Taking “You Are What You Eat” To a New Level

A brilliant university assignment had students step into the lives of Southeast Asians throughout history – through their diets.


It’s a new year and for many of us, that means a fresh start, often including a resolution to eat healthier. According to data pulled from Google by iQuanti, the most popular resolution of 2017 is to get healthy. Unfortunately, this is easier said than done.

With the evolution of junk food, fast food chains such as McDonald’s and Starbucks have become a part of our daily routine. For students especially, it has become the norm to eat ready-to-eat or processed food – we’ve all heard of the Freshman 15.

But one University of Toronto professor is challenging that norm and teaching history at the same time.

In October 2016, Professor Nhung Tuyet Tran decided to conduct an experiential learning project called “Eat Like a Southeast Asian X”, instead of a standard exam, in her course “HIS346H1F: Rice, Sugar, and Spice in Southeast Asia”.

Tran invited students to follow the diet of a Southeast Asian figure of their choice for four days. Roles included plantation workers in Cochinchina (now South Vietnam) in the 19th century and Theravada Buddhist monks in 15th-century Ayutthaya, Thailand. The diet was created by the students themselves, taking into account the chosen figure’s socioeconomic situation, cultural and ecological environment, and lifestyle.

“It was eye opening,” said Amal Ismail-Ladak, a second-year undergraduate student. “You have to take on someone else’s life”.

She chose the role of a South Asian indentured servant in a 19th-century rubber plantation in colonial Malaya, and took the assignment very seriously.

“I assumed my character would be a married mother and have children, so she would have to account for the meals of her family.” Sometimes, this meant Amal skipped meals to stay in character, which made her realize how lucky she was normally.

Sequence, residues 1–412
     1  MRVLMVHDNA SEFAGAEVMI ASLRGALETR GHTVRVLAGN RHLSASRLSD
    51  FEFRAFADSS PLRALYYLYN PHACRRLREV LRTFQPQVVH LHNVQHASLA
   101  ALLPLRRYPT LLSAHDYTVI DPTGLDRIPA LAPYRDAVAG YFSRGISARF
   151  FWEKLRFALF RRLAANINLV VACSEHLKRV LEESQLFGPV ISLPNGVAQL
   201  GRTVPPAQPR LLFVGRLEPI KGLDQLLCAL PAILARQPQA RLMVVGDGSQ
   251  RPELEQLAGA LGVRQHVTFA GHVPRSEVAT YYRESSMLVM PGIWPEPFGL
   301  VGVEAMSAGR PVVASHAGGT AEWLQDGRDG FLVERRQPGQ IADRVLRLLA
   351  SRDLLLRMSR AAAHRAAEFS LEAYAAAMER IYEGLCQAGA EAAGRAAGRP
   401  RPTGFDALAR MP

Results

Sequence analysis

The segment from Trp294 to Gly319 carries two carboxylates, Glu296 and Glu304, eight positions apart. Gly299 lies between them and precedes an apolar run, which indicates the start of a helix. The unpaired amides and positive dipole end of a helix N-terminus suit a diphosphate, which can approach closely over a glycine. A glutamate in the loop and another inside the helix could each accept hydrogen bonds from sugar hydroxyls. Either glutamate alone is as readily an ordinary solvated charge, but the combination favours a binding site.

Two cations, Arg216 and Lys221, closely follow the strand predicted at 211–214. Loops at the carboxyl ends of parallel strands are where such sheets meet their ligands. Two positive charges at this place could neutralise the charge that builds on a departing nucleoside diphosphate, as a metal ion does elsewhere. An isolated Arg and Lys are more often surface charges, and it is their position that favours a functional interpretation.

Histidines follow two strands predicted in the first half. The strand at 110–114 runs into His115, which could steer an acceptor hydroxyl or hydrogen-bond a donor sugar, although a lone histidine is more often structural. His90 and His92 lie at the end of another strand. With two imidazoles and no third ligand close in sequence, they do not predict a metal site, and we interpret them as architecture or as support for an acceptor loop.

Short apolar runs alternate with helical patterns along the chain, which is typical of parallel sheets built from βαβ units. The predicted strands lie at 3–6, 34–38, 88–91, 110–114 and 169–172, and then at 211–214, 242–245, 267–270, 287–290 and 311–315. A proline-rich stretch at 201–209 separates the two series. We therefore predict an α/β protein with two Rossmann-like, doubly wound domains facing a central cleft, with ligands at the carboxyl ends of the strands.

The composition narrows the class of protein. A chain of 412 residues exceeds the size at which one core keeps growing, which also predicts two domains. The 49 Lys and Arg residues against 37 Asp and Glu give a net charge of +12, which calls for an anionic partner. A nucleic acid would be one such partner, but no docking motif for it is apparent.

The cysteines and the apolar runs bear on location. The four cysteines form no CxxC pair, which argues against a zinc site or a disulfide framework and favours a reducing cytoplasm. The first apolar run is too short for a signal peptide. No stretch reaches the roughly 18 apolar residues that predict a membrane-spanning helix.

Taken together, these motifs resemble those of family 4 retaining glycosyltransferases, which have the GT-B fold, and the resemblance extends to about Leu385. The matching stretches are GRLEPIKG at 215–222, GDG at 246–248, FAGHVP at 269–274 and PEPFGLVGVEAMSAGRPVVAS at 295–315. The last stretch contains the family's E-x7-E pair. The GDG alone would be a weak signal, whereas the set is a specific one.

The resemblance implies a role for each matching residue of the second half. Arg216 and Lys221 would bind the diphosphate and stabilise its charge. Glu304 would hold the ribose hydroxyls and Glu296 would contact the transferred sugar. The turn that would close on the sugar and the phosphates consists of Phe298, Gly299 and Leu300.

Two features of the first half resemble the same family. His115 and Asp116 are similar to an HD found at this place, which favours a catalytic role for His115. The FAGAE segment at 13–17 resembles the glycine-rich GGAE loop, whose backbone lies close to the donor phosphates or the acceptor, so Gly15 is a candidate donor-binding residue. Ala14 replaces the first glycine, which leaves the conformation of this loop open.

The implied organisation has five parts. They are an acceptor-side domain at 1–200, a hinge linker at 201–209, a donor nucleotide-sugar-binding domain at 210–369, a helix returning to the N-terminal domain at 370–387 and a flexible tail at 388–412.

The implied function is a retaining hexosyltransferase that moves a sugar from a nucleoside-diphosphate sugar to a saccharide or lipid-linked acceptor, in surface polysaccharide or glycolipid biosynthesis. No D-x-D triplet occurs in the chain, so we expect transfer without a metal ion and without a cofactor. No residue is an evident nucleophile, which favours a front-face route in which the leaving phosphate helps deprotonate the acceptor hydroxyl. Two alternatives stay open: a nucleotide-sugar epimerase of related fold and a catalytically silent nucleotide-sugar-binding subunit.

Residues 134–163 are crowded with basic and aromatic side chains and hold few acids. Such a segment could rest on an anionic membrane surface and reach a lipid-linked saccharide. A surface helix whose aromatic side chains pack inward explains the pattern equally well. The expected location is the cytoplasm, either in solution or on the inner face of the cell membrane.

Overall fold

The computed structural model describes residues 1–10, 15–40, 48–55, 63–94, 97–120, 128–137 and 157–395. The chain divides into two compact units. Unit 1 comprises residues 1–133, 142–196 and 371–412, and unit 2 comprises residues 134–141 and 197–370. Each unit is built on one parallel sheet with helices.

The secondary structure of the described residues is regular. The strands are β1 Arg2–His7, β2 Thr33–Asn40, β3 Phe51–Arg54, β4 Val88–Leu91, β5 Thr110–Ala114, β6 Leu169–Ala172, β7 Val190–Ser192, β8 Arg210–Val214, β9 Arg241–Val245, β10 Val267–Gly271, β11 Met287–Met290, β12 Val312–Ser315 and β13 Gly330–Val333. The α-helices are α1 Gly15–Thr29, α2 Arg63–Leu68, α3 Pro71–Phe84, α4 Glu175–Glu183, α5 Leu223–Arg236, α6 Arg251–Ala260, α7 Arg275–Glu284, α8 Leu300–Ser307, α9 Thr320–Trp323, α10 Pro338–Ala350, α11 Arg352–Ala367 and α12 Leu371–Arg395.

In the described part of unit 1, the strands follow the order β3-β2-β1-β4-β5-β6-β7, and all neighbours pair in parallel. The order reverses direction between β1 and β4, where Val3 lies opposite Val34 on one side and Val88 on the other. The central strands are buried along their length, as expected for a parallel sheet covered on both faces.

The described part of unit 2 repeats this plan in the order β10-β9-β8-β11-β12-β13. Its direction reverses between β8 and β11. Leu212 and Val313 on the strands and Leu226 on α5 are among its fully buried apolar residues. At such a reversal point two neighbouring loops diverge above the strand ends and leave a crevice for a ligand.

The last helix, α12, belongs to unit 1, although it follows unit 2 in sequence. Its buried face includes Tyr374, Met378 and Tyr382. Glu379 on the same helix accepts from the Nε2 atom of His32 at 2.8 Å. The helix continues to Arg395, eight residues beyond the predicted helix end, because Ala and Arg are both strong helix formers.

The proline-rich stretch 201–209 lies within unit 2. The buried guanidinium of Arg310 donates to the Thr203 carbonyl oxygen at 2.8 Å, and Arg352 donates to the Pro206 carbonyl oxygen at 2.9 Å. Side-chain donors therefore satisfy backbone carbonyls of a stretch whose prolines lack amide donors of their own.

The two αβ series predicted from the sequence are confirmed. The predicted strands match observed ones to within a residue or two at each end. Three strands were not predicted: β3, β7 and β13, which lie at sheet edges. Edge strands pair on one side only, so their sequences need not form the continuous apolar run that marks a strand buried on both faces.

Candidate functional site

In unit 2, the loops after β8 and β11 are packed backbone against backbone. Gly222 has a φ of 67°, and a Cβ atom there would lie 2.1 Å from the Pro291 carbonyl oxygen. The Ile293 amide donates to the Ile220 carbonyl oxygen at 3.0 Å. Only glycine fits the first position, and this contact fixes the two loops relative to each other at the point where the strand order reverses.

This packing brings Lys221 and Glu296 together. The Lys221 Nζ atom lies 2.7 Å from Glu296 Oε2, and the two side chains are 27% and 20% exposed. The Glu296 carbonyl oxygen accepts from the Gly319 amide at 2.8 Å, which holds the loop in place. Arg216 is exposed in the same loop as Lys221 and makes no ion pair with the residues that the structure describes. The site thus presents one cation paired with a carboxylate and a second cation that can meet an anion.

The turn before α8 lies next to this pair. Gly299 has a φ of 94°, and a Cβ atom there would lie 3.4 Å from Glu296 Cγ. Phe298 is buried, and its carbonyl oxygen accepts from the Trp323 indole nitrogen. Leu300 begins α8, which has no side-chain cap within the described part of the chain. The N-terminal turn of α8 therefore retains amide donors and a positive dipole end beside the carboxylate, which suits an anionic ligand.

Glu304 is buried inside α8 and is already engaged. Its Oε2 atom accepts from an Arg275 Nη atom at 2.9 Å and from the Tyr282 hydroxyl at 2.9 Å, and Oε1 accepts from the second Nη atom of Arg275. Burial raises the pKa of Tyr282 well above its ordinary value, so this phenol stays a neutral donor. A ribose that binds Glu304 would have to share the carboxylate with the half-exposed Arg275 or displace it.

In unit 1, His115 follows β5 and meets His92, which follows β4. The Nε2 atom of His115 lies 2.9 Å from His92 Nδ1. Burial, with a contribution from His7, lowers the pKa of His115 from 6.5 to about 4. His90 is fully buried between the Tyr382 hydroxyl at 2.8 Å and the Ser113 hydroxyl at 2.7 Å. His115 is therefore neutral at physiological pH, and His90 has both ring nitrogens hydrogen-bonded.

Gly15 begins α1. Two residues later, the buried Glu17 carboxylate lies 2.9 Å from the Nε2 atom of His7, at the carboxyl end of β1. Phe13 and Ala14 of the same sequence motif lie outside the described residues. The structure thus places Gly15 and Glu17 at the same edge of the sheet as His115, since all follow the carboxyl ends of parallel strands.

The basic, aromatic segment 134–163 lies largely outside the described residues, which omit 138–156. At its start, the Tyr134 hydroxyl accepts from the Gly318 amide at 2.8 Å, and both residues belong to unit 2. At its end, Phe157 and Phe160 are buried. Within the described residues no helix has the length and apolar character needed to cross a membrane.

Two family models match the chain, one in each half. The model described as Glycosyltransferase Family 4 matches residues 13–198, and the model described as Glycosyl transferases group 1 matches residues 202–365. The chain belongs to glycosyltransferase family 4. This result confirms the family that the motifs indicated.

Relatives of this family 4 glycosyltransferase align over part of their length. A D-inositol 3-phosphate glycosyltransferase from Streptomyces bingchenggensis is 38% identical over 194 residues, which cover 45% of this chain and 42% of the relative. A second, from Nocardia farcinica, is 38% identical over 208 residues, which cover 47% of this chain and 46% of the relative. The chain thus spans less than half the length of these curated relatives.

Eda Martinovic, another student in the class, had to face a different set of challenges. Eda took on the role of a Chinese mestiza (a woman of mixed-race) in 17th-century Philippines. Coming from the Balkans herself, Eda was not familiar with Philippine cuisine: she rarely eats rice and they didn’t drink coffee.

“Drinking Turkish coffee is a huge cultural thing, the practice has so much meaning,” she said. “During this challenge, I was not able to participate in family and friend get-togethers that involved the communal Turkish coffee custom”.

Nevertheless, she was glad to have participated in the project. She loved the fact that she was able to connect the material in class to a lived experience.

“It became relevant and frankly, life altering. I will never look at a meal the same way again.”

Collectively, the students came to realize that the project was more than experiencing a new diet. It forced them to step out of their comfort zone and be creative.

Perhaps learning about the food of other cultures is the key to motivating a healthier, home-cooked diet. Try eating like the people from another country for a night, or try a recipe from your ancestry! Investing time in a proper meal can offer so much more than just necessary calories.

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So Jin Park is an undergraduate student studying English, biology and statistics at the University of Toronto. She is passionate about bridging the gap between science and the humanities and making science enjoyable for everyone.